The Wisconsin Taxpayer Alliance reports the average tax paid in Wisconsin during 2007, the latest year data is available, was $2,127. Wouldn’t you like to know where your tax dollars go and how they are spent?
Accessing such information should be simple; however it’s not.
Wisconsin has historically enjoyed a strong reputation for open government. In one important information category, transparency in government spending, Wisconsin fails miserably according to U.S. PIRG, the federation of state Public Interest Research Groups. Since Wisconsin is one of 14 states that fails to have a transparency web site, the U.S. PIRG April 2010 report grades Wisconsin an F in providing online access to government spending data.
Unlike Wisconsin, other states have caught transparency web site fever. Thirty-two states currently require an online database with government expenditure data accessible to the public. Wisconsin lags behind other states that, in turn, lag behind private sector technology.
Take Google, for example. Type in the words government health care in the search engine and 218,000,000 results pop up in 0.38 seconds. Want to know where that package you ordered online is and when it will be at your front door? The answers are moments and clicks away. The public sector is fully capable of producing similar information.
Transparency web sites offer critical benefits. Online databases can pinpoint corruption, boost citizen confidence in government, and encourage fiscal responsibility.
U.S. PIRG reports the federal transparency web site cost less that $1 million to launch. Missouri’s web site was created by executive order as opposed to legislative action at less than $1 million using already-existing staff and funding. Updated daily, Missouri’s web site offers information about $20 billion in annual spending. California’s site cost $21,000.
Citizen involvement in government increases. Missouri’s web site that earned a “B” from U.S. PIRG had more than 13 million hits in its first 18 months of operation.
Substantial savings can be made. In just two years, Texas’ web site saved $4.8 million, thanks to greater government efficiency.
Design is critical. Transparency web sites must be developed properly for maximum quality and benefit. U.S. PIRG recommends all state government information be on one site, the information be comprehensive, some states only provide a two or three word description for some expenditures, and data should be searchable with a single query and through common-sense categories.
Wisconsin needs to get involved in the Google-government trend, a movement that has tremendous benefits for taxpayers. A one-stop Internet clearinghouse would throw a laser beam on government spending, the increased focus having great potential for significant savings. Creating a system that’s easy to use and understand eliminates taxpayer frustration and reduces the perception of abuse.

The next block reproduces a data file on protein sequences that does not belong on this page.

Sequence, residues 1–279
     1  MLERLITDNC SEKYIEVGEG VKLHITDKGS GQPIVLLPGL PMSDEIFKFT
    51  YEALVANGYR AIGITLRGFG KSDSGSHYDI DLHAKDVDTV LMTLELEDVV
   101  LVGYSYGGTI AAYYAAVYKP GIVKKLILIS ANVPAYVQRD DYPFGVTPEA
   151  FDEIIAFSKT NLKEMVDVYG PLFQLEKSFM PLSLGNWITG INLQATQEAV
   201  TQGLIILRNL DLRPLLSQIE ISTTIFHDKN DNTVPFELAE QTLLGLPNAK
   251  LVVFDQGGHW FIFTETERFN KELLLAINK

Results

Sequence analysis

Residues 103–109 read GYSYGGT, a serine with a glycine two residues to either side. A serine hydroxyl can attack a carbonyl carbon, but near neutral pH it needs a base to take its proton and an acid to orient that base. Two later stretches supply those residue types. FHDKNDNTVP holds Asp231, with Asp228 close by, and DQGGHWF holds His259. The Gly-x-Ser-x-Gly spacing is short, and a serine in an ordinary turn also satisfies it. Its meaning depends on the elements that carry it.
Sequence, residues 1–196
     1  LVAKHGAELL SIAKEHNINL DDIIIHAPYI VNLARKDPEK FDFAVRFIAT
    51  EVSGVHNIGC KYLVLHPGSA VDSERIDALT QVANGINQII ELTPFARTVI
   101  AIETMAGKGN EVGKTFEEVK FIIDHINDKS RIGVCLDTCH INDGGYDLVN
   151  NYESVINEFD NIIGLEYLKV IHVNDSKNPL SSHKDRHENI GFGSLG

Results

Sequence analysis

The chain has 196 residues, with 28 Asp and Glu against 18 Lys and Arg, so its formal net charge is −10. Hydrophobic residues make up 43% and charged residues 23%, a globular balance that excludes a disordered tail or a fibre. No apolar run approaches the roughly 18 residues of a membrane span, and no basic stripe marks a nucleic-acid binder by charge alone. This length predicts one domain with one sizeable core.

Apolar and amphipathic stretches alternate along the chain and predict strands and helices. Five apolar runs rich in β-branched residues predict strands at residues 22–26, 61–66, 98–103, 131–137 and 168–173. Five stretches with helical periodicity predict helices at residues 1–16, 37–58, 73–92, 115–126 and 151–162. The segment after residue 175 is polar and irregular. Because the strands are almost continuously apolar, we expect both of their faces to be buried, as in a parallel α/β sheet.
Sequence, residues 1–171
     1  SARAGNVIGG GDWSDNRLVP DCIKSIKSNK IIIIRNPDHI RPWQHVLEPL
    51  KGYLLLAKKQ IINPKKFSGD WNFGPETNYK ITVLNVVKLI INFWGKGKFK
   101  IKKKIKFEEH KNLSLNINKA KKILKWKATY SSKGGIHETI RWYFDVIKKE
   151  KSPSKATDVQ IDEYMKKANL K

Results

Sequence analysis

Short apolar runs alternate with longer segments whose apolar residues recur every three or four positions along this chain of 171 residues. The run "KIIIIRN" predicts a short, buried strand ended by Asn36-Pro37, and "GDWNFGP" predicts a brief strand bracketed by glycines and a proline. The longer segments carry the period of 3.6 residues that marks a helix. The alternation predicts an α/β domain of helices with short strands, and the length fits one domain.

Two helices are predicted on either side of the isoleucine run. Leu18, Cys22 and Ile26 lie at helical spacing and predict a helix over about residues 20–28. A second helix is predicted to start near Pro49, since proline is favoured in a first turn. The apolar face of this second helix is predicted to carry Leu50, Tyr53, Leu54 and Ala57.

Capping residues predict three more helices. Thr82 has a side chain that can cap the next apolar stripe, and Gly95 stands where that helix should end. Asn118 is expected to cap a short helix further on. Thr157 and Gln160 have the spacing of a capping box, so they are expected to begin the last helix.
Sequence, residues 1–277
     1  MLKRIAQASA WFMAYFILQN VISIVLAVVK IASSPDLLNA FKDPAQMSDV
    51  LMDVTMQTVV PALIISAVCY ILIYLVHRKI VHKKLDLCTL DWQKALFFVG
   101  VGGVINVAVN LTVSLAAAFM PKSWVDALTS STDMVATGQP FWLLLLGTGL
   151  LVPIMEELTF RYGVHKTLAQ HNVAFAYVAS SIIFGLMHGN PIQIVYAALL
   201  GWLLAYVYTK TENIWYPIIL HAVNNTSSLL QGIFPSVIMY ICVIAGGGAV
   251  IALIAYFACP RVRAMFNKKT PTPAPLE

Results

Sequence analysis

It stands to reason that this concept could also be applied to school districts, counties, cities, and other units of local government. Imagine being able to go to one simple website to find out how your government is spending your money. Wisconsinites bear one of the heaviest tax burdens in the country and deserve to know where each dollar is going.
I introduced legislation to create a Wisconsin transparency web site during the 2007-08 legislative session. Senate Bill 543 was referred to the state Senate Ethics Reform and Government Operations Committee chaired by state Senator Fred Risser (D-Madison). Risser refused to schedule Senate Bill 543 for a public hearing and the bill failed to get through the legislative process. During the 2011-12 legislative session that convenes January 2011, I intend to reintroduce legislation that will create a user-friendly searchable website showing state expenditures. The bill will authorize frequent updates, informing the public quickly about tax money spending. A quick and easy Internet clearinghouse would throw a laser beam on government spending, the increased focus having great potential for significant savings.
The concept is doable, affordable, and should be bipartisan in popularity. Consider this: During 2008, legislation to improve federal transparency on the Internet was co-sponsored by then presidential rivals John McCain and Barack Obama.
Who can argue with Thomas Jefferson, quoted from 1802 in the U.S. PIRG report: “We might hope to see the finances of the Union as clear and intelligible as a merchant’s books, so that every member of Congress and every man of any mind in the Union should be able to comprehend them, to investigate abuses, and consequently to control them.”
State Sen. Mary Lazich (R-New Berlin) represents Wisconsin’s 28th Senate District.